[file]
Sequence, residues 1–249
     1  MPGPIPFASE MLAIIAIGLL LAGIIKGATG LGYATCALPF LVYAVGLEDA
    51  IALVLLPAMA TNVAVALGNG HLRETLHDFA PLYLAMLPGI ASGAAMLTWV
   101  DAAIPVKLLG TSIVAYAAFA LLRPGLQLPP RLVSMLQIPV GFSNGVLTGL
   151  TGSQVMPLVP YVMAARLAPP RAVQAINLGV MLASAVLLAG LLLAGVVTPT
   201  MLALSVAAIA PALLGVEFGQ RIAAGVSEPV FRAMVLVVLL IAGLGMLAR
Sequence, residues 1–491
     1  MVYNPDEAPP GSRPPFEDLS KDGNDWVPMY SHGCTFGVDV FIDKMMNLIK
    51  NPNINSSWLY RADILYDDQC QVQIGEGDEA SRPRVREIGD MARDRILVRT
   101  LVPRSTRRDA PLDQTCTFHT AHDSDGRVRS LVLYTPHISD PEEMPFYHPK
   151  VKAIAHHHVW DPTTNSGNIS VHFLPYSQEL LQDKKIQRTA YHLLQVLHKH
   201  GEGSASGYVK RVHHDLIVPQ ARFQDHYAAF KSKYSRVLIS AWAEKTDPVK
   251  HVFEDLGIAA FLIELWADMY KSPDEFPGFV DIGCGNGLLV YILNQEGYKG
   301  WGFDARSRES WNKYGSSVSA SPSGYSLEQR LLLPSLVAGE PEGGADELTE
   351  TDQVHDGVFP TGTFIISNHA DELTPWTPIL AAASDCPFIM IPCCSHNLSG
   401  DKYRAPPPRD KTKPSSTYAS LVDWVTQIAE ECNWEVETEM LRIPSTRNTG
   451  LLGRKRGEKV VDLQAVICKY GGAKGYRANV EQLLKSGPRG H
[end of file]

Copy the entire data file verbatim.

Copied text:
Sequence, residues 1–249
     1  MPGPIPFASE MLAIIAIGLL LAGIIKGATG LGYATCALPF LVYAVGLEDA
    51  IALVLLPAMA TNVAVALGNG HLRETLHDFA PLYLAMLPGI ASGAAMLTWV
   101  DAAIPVKLLG TSIVAYAAFA LLRPGLQLPP RLVSMLQIPV GFSNGVLTGL
   151  TGSQVMPLVP YVMAARLAPP RAVQAINLGV MLASAVLLAG LLLAGVVTPT
   201  MLALSVAAIA PALLGVEFGQ RIAAGVSEPV FRAMVLVVLL IAGLGMLAR
Sequence, residues 1–491
     1  MVYNPDEAPP GSRPPFEDLS KDGNDWVPMY SHGCTFGVDV FIDKMMNLIK
    51  NPNINSSWLY RADILYDDQC QVQIGEGDEA SRPRVREIGD MARDRILVRT
   101  LVPRSTRRDA PLDQTCTFHT AHDSDGRVRS LVLYTPHISD PEEMPFYHPK
   151  VKAIAHHHVW DPTTNSGNIS VHFLPYSQEL LQDKKIQRTA YHLLQVLHKH
   201  GEGSASGYVK RVHHDLIVPQ ARFQDHYAAF KSKYSRVLIS AWAEKTDPVK
   251  HVFEDLGIAA FLIELWADMY KSPDEFPGFV DIGCGNGLLV YILNQEGYKG
   301  WGFDARSRES WNKYGSSVSA SPSGYSLEQR LLLPSLVAGE PEGGADELTE
   351  TDQVHDGVFP TGTFIISNHA DELTPWTPIL AAASDCPFIM IPCCSHNLSG
   401  DKYRAPPPRD KTKPSSTYAS LVDWVTQIAE ECNWEVETEM LRIPSTRNTG
   451  LLGRKRGEKV VDLQAVICKY GGAKGYRANV EQLLKSGPRG H